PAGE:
Monday, April 16, 2012
Chestnut and Hot Dogs
About once a week, I cook up a couple of hot dogs for lunch. Those are them to the right of you. I fry 'em dark and have them on toasted buns with relish, mustard and cheese. Back in my U of T days, I used to hang out at the International Student Centre where Vera's Kitchen always served a fine mess of Chili Dogs. Because I became a regular at the ISC, Vera used to give me a fair mountain of chili. Underneath all that magma were the dogs. I still have the odd Chili Combo over at Tim Hortons but I think I would put my stomach into severe gastrointestinal distress if I were to do the Chili Dog thing now.
Had my two for the week today, and strangely enough while I was reading leisurely at the local library this morning, I read an old beat-up July 2011 issue of "Vanity Fair"which had a small 1-page article about Joey Chestnut, the reigning hot dog-eating champion of the world. He's the fellow who can down about a few dozen furters in about 10 minutes flat. And he's also quite the multi-tasker: he has won a few other competitive eating contests such as burgers and asparagus spears. Reading the article, it's pretty clear that he's got quite the swagger and the self-assuredness of a champion, although he seems to come off as being quite a fairly normal guy..for a fellow who makes a living at being a human fast food compactor. Chestnut also went into some of his techniques for winning, one of which I wished I hadn't read a few hours before lunch.
Still, he sounds like a fellow that I could have a beer or two (or one thousand, in his case) with at the local pub. That's more than can be said for the fellow who Chestnut has defeated, the former champion from Japan, Takeru Kobayashi. He'd had his own string of championships at the annual 4th of July hot dog eating contest before finally getting dethroned by Chestnut a few years ago. What was kinda freaky about this fellow was that he looked like one of those slacker otaku...scraggly hair on top of a frame that a T-shirt could swallow up. And yet, this guy could shovel down a small bakery's worth of buns and a slaughterhouse's worth of beef franks. And unlike Chestnut, he never struck me as being the most convivial fellow. And there has been talk that he's gotten a bit more cracked now that's he's been defeated multiple times.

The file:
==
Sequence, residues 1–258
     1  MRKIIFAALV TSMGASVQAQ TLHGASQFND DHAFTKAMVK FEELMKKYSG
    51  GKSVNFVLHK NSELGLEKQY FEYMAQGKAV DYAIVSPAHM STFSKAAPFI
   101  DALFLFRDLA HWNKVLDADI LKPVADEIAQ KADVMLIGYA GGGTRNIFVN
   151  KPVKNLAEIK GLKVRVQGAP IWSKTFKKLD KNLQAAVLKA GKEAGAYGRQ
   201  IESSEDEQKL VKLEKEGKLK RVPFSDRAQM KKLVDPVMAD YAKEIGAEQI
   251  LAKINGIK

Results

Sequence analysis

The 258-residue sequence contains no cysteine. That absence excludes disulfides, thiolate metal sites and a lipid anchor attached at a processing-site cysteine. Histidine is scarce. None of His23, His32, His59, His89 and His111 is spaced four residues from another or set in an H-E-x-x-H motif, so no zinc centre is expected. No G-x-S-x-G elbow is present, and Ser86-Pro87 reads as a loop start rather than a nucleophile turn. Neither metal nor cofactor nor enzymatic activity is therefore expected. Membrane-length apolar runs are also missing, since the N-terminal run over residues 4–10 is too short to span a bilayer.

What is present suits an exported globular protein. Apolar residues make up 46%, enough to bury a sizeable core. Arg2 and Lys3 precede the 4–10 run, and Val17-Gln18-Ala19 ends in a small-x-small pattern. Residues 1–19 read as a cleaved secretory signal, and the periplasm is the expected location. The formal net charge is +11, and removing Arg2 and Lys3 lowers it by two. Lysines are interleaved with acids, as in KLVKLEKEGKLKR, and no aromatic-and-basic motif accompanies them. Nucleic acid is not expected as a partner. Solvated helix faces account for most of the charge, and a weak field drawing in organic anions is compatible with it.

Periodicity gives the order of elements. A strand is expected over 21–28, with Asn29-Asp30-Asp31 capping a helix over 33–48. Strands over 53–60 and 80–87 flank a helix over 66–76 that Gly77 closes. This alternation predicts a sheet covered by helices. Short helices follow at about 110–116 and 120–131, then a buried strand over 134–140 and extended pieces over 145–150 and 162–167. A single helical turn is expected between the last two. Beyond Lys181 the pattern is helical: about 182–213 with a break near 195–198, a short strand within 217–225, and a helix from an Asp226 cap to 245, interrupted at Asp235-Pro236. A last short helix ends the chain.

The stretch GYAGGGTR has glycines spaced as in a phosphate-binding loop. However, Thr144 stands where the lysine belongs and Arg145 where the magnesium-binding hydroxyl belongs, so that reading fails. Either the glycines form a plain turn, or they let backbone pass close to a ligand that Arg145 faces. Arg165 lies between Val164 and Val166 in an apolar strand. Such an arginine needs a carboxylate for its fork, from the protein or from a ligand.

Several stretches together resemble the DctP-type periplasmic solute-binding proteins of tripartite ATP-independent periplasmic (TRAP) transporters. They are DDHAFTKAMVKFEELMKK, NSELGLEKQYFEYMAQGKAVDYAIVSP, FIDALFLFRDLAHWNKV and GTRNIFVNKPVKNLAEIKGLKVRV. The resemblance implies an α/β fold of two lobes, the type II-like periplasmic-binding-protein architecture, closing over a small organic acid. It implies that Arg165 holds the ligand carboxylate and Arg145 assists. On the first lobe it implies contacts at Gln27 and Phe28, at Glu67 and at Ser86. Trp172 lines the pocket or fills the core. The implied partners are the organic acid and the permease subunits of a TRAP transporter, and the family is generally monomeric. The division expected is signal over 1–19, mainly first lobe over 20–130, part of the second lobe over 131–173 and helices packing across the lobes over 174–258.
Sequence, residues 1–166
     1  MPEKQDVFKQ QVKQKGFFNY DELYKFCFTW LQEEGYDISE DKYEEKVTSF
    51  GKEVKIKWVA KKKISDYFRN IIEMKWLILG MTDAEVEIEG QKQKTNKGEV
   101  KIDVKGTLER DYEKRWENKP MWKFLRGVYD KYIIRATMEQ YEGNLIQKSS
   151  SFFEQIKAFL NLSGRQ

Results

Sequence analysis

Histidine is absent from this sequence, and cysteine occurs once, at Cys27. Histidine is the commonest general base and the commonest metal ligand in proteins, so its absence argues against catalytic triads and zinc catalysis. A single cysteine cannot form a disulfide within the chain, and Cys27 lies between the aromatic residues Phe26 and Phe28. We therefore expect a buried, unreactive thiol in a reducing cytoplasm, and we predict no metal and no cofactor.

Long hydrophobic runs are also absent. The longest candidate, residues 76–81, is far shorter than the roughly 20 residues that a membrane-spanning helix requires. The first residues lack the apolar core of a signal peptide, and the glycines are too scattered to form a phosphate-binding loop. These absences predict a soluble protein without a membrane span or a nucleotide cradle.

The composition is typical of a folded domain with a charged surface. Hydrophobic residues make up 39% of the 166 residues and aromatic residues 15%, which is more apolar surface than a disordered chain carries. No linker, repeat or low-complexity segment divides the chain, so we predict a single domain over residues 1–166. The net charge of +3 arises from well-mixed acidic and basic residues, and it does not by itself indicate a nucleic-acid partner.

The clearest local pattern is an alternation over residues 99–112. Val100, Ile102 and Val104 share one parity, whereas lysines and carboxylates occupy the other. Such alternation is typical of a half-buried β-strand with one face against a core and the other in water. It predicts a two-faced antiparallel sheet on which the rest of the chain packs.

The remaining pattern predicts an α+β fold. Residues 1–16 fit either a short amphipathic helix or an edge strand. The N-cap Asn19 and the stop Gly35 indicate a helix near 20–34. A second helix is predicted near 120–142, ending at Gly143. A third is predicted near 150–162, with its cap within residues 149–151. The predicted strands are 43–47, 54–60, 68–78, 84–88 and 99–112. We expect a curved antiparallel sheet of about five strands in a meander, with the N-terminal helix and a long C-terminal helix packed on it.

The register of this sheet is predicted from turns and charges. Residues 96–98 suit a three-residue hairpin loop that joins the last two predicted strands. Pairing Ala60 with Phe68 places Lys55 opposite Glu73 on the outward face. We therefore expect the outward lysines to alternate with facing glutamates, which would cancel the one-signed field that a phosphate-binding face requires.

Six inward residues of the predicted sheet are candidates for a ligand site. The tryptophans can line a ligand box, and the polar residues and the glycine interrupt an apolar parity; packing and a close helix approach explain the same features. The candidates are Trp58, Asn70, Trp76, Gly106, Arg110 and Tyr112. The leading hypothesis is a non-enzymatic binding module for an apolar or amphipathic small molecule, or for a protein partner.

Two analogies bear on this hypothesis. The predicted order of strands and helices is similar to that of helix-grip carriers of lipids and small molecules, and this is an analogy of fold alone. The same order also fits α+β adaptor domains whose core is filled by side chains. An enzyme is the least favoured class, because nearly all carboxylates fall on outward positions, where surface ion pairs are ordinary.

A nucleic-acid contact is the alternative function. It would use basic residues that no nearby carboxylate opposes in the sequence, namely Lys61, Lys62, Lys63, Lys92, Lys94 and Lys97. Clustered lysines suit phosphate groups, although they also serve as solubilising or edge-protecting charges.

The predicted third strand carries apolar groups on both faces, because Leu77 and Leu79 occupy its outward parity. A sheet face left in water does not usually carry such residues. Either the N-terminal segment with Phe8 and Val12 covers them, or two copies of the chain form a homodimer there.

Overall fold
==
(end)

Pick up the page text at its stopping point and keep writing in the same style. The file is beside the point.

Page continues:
Kobayashi also never really hit it big with the media in his own country. Japan adores its athletes to a near-annoying degree and absolutely swoons when one of its own entertainers gets a rare Oscar nomination like Ken Watanabe. And anyone who has lived in Japan for any length of time knows that television is just chock-filled with programs on food to elevate food porn to a national religion. And yet, Kobayashi is NOT a national hero. Even during his winning days, perhaps he may have gotten a bit of exposure on the news but I don't ever recall him being swamped at Narita Airport when he returned home (I'd heard that he had residency in America) or being interviewed on any of the morning shows. Again, he's not the most outgoing fellow.
To add insult to injury, Nathan's, the hot dog emporium that has sponsored the hot dog contest in New York City, had made a go of it in Tokyo for some years. Being a hot dog buff and missing my franks during my long years in Japan, I considered myself a fairly regular customer at its 3 or 4 branches in Tokyo. But they all quietly disappeared into the ethos along with Cinnabons and a number of other foreign brands that for whatever reason didn't make it. I guess hot dogs are nowhere near the fast food fave that hamburgers are in The Big Sushi.
Well, I do miss my sushi, unaju and ramen. But still, it's nice to come back home to hot dogs on a regular basis.